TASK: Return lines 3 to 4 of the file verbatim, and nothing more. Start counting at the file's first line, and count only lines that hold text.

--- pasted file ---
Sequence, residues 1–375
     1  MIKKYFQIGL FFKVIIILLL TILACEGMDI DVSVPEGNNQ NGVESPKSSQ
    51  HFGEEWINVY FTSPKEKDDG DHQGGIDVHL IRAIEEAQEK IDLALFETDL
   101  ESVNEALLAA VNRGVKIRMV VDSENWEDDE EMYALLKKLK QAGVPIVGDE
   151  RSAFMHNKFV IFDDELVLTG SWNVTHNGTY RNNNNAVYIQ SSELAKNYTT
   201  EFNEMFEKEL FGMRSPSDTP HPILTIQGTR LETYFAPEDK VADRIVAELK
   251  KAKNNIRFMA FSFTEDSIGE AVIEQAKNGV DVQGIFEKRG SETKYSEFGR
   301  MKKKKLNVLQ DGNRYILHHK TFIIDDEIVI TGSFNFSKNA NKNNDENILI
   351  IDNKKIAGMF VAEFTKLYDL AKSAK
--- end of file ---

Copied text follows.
    51  HFGEEWINVY FTSPKEKDDG DHQGGIDVHL IRAIEEAQEK IDLALFETDL
   101  ESVNEALLAA VNRGVKIRMV VDSENWEDDE EMYALLKKLK QAGVPIVGDE